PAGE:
See my blog: antheafg.wordpress.com
None of my ancestors were rich or distinguished though some (especially Bowyers and Clubleys) were
respectable English landless peasants. My father's family included Border Tinkers. I married a man
whose ancestors include rajahs. Our daughter married a man related to Lachlan Macquarie. So a wide range.
The study began with memories collected by Anthea Fraser Shields from Frances White, Julia
Bowyer, Joyce Fraser, Albert Shields and Avijit Gupta. Some additional material from earlier
periods came from genealogical work by Antony Bowyer (son of Gordon, the eldest son of Emily
Bowyer, who was a sister of Julia Bowyer), and I am still collaborating with him on our shared
ancestry. I have also collaborated with Douglas Fraser, a second cousin.
Later work was done on the internet, using census material (, now on Ancestry.com) and material from the Church of Jesus Christ of the Latter Day Saints’ site ().
I have also been grateful for cooperation from various distant cousins and their friends (Bowyer,
Clubley, Fraser, Shields and White) and even one very helpful person who turned out not to be a
cousin -- we were both down the same false trail.There has been a lot of genealogy done on the Camerons in Australia.
I have done a lot of work recently on my father's ancestors, and especially the tangled web of
cousin marriages involving the names Shields, Blewitt, Edwards, and Fo(r)ster. When you look up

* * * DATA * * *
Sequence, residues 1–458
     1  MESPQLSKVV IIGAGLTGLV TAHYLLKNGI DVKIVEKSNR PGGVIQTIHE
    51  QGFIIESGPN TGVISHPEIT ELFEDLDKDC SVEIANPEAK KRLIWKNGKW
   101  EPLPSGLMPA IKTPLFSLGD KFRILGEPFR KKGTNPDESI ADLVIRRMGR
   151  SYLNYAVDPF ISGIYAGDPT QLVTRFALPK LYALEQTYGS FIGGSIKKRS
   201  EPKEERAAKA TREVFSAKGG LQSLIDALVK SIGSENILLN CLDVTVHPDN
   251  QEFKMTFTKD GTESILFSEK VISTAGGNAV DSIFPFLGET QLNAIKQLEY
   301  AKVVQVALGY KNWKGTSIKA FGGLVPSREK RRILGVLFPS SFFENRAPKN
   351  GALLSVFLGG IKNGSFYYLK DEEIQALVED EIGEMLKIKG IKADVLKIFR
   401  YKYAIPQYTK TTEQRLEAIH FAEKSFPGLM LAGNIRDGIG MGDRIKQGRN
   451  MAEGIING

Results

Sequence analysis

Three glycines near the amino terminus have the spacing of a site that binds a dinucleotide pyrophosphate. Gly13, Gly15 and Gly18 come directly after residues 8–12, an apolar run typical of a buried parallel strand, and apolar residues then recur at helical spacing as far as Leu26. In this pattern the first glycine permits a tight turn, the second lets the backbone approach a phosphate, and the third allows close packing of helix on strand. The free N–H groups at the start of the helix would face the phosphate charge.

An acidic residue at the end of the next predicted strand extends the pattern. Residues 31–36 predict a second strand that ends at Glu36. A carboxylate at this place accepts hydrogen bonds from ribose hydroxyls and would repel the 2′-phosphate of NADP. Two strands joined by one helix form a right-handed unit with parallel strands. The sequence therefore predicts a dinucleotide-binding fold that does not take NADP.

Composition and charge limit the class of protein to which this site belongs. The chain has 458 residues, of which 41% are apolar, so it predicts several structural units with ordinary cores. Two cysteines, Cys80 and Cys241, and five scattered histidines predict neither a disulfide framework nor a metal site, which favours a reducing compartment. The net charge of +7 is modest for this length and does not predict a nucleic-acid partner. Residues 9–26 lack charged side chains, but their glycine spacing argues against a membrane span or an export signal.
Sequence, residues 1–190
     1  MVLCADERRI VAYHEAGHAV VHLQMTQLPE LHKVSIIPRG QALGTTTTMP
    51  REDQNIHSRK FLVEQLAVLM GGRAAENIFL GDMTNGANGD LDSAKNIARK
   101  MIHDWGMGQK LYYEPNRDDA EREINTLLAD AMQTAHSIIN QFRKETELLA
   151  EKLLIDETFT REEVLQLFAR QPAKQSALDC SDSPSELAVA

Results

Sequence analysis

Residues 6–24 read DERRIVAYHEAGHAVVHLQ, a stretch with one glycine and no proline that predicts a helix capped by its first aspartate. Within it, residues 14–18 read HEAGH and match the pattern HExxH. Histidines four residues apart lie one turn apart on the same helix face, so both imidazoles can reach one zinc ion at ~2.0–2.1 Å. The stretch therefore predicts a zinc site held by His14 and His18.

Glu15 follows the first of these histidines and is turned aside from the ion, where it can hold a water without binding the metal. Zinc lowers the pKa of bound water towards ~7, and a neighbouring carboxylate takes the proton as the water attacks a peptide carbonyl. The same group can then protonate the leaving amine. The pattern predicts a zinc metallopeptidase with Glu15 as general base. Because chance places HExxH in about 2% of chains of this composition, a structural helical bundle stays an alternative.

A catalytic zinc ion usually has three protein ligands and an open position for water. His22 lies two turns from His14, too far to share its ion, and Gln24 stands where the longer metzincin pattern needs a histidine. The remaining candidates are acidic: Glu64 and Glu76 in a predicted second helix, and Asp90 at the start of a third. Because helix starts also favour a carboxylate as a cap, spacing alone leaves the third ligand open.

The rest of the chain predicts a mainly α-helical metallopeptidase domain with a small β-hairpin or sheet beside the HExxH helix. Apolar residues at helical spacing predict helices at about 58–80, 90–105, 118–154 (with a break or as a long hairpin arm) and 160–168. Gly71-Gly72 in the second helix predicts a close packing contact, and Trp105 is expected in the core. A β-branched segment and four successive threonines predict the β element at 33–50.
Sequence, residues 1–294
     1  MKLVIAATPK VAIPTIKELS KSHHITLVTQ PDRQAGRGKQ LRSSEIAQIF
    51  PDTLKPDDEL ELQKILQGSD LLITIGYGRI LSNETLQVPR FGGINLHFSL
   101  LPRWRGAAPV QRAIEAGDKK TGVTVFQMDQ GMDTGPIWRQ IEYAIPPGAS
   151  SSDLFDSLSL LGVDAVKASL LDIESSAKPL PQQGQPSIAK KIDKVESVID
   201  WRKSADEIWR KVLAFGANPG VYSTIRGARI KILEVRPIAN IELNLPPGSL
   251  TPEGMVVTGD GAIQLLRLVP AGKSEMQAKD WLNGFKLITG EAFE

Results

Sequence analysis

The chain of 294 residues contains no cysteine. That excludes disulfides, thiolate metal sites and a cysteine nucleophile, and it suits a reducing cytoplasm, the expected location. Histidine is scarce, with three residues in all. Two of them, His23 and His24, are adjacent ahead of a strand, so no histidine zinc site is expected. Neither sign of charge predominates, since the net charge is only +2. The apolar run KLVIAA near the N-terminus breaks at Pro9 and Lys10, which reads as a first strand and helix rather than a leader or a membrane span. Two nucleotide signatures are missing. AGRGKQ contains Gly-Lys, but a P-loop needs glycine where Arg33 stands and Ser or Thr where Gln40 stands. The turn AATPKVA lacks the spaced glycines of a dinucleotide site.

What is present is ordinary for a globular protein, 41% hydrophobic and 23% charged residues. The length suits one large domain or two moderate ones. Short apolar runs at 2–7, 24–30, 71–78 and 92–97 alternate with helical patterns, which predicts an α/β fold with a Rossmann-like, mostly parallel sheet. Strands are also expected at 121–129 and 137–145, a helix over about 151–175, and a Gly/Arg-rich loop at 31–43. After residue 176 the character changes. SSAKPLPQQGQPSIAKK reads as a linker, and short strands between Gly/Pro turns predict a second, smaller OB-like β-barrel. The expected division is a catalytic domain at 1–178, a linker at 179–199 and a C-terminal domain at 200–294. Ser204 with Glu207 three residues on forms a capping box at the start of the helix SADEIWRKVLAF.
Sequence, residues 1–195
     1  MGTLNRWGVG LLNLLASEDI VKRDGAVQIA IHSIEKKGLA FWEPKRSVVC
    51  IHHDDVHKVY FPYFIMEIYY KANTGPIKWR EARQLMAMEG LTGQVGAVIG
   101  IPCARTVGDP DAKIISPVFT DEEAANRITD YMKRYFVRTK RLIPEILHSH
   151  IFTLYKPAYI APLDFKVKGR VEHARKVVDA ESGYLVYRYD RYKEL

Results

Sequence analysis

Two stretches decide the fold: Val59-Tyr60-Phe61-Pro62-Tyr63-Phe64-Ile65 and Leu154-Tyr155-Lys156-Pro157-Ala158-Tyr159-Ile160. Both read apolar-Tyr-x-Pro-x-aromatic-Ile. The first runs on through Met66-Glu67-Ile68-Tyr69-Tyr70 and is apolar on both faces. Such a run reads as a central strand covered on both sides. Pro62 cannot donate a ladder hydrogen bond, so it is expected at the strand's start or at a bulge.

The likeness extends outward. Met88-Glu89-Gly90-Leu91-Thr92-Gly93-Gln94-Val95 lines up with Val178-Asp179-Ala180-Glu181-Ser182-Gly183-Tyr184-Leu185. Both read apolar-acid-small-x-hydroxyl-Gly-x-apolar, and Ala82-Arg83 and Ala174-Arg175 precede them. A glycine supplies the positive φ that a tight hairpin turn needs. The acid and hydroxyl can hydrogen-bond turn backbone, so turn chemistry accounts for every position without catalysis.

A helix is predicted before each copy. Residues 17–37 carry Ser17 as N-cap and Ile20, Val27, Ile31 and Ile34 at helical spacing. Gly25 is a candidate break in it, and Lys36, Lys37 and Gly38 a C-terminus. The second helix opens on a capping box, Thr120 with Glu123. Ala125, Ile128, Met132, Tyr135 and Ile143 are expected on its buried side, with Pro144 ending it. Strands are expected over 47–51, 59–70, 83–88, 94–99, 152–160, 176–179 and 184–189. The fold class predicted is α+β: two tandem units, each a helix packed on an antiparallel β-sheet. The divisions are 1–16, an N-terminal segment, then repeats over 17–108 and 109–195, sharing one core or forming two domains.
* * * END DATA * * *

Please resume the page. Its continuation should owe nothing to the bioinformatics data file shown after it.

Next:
Shields, Foster, Blewitt and Royal, remember that from 1870s-1920, many of them were living very
close to each other in either Jarrow or Darlington. We must assume they knew each other.
There are a number of discrepancies between the sources, some of which are noted in footnotes.
The first member of the Bowyer family to be literate in recent centuries (after their fall down the social ladder in the 1600s) seems to have been George Bowyer (b.1854), who "taught himself" to read and write as an adult. Some of the errors of names are likely to have resulted from illiteracy (e.g. Fraiser), and others arose even from literate people because of the transcription of names supplied orally (such as Jane Clubley’s place of birth, and the spelling of the surname as ‘Clubly’ in both censuses, and as Clubbley on Albert Fraser's birth certificate).
Even in recent years, spellings were not fixed, as in the two spellings of Pace/Pase, and the
spelling of Leonard/Lennard Bowyer's first name.
Census enumerators completed the early censuses and they were not familiar with the names of remote and small villages. 'North Sunderland', for example, is a village near Bamburgh in Northumberland, not the same place as the much better known Sunderland in County Durham. This birthplace of the Edwards sisters (both of whom I am descended from) gave a lot of trouble to census enumerators.
Modern transliterators have made new errors. When I come across these, I send in a correction, but
there have been some bizarre misreadings over time. The name 'Dryden' is another one that has many alternative spellings, and also gives rise to errors of transcription. I originally decided to index by the name at birth when available, but more recently I have decided to index by the most common later name and note spelling variants in the comments.
Census material usually (but not always) records only the first name, which is not necessarily the
name by which a person was known. Dates of birth are in some case attested from birth or
christening records, but in some cases are extrapolated from census returns, so may be one or two
years in error. This is usually noted, though I have become more careful as time has goine on and there may be some oversights. The source is not noted for earlier research, but for most recent work I do indicate the source. I am trying to correct all my earlier sloppiness. Dates of birth marked as 'Calc' are usually those calculated from the censuses.
The Bowyer family are thoroughly documented back to the 16th century especially through the work